Advancing the Science

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January 12, 2021

Physicians have new guidelines for managing rare genetic, metabolic disorders

By Susan Murphy

Physicians now have a blueprint for diagnosing and managing two specific rare inherited metabolic diseases within a group of nearly 150 congenital disorders of glycosylation. These diseases can cause serious and sometimes fatal malfunctions of several organs at or before birth, as well as chronic debilitating symptoms in adults. 

The consensus guidelines were published in the Journal of Inherited Metabolic Disease by a team of international experts with the Frontiers in Congenital Disorders of Glycosylation Consortium. This consortium is led by Eva Morava-Kozicz, M.D., Ph.D., a physician scientist in Mayo Clinic's Department of Clinical Genomics.

Dr. Morava-Kozicz conducts translational research in congenital disorders of glycosylation and mitochondrial disorders, and is developing dietary therapies in genetic disorders.

Eva Morava-Kozicz, M.D., Ph.D.

"We aim to continue establishing more guidelines for the diagnosis and treatment of different metabolic disorders types," says Dr. Morava-Kozicz. "Our goal is to expand the available knowledge for anyone who meets our patients and unify optimal care."

Congenital disorders of glycosylation is an umbrella term for a rapidly expanding group of rare genetic, metabolic disorders affecting several steps of the pathway involved in the glycosylation of proteins. They typically present as multisystemic disorders with a broad clinical spectrum, including, but not limited to, developmental delay, an abnormally low level of muscle tone, abnormal brain development, heart and liver manifestations, and hemorrhaging or clotting disorders.

"Neurological abnormalities are frequently present," explains Dr. Morava-Kozicz. "There is considerable variation in the severity of this group of diseases ranging from a nonprogressive, chronic presentation in adults to severe multiorgan dysfunctions causing infantile death."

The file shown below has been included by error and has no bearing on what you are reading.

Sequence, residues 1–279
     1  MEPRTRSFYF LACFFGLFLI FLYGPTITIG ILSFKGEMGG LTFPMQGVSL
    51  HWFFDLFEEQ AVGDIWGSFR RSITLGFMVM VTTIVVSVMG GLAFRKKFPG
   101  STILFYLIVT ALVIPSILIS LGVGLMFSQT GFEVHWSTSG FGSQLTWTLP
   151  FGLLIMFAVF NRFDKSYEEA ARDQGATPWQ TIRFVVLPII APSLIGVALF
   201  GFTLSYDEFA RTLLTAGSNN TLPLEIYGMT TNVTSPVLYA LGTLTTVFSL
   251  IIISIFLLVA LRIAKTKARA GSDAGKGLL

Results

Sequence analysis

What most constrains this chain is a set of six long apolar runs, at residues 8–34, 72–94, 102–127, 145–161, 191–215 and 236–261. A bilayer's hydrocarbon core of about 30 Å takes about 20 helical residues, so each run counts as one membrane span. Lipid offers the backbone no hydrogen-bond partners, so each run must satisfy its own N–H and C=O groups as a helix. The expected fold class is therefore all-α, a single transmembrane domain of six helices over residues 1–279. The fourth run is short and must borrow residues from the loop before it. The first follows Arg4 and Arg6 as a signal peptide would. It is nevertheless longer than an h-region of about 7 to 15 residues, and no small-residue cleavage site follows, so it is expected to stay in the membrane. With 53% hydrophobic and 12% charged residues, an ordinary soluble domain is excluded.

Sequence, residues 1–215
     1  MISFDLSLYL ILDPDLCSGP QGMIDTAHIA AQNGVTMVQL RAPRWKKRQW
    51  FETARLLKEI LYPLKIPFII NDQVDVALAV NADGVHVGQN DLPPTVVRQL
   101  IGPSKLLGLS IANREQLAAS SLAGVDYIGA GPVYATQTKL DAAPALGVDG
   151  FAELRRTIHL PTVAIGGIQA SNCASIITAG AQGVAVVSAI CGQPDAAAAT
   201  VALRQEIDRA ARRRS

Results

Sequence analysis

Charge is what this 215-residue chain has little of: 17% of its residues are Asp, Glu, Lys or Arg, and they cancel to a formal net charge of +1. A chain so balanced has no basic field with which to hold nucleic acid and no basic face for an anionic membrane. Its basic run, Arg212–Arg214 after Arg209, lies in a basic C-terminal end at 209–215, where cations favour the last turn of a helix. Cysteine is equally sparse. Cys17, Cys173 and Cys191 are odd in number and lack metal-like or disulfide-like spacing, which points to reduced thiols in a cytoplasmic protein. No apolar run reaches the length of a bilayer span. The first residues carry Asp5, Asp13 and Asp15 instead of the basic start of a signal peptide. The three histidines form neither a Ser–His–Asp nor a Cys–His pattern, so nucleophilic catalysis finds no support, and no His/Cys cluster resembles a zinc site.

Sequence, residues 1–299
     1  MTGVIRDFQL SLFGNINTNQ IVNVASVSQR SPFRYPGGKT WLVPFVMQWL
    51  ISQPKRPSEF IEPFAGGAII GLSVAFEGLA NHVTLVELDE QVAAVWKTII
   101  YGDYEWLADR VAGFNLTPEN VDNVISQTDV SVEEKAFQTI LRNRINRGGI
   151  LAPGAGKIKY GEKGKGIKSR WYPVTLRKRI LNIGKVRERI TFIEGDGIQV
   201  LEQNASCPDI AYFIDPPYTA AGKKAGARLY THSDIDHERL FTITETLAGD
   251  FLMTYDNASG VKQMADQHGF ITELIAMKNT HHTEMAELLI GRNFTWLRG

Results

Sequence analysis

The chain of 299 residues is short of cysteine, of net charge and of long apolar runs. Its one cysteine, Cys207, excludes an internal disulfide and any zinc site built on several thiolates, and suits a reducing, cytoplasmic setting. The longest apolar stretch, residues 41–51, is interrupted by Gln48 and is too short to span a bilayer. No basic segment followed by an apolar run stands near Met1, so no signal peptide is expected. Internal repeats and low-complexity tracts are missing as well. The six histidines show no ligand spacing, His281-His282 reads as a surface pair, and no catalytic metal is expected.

The new published guidelines focus on two specific treatable congenital disorders of glycosylation:

  • Mannose phosphate isomerase (MPI-CDG)
    This disorder is a rare subtype of congenital disorders caused by pathogenic variants in the mannose phosphate isomerase gene.
  • Phosphoglucomutase 1 (GM1-CDG)
    This disorder affects glycogen metabolism, glycolysis and protein glycosylation.

Guidelines suggest both disorders can be effectively treated and improve many patients' symptoms. 

To create the guidelines, the consortium assembled congenital disorders of glycosylation experts around the world. Physicians, scientists and researchers conducted full literature reviews of all case reports published on the two congenital disorders of glycosylation. The resulting guidelines are based on the best available evidence-based data and expert opinions.

"Knowledge share is essential in rare disorders," says Dr. Morava-Kozicz. "Within a year, we enrolled more than 70 patients to the study to learn more about this rare disease group­­ and empower patients by metabolic and genetic education. This was only possible with the continuous support of the patient association CDG Care."

The Frontiers in Congenital Disorders of Glycosylation Consortium is part of the Rare Diseases Clinical Research Network, which is funded by the National Institutes of Health and led by the National Center for Advancing Translational Sciences through its Office of Rare Diseases Research. The Frontiers in Congenital Disorders of Glycosylation Consortium is funded under grant U54NS115198 as a collaboration between National Center for Advancing Translational Sciences, the National Institute of Neurological Disorders and Stroke, the Eunice Kennedy Shriver National Institute of Child Health and Human Development, and the Office of Dietary Supplements.

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This article was originally published on the Center for Individualized Medicine blog.

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Tags: Center for Individualized Medicine, clinical research, Eva Morava-Kozicz, genetics, genomics, hereditary diseases, metabolomics, News, rare disease, republished

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